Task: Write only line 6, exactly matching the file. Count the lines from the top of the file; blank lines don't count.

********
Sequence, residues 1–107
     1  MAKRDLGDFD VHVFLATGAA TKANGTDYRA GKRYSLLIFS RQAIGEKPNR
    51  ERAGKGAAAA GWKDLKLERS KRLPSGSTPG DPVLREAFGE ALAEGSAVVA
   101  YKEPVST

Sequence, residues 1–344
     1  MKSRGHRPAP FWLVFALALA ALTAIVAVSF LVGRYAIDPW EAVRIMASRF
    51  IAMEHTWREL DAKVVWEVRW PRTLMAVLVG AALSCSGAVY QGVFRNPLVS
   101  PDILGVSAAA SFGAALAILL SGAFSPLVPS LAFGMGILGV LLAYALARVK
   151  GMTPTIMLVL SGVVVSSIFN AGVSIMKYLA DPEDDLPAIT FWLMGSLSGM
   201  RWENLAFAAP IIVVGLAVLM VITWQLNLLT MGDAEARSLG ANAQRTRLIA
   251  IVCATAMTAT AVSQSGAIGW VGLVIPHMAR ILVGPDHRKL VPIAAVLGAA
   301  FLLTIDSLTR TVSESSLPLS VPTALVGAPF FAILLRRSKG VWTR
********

     1  MKSRGHRPAP FWLVFALALA ALTAIVAVSF LVGRYAIDPW EAVRIMASRF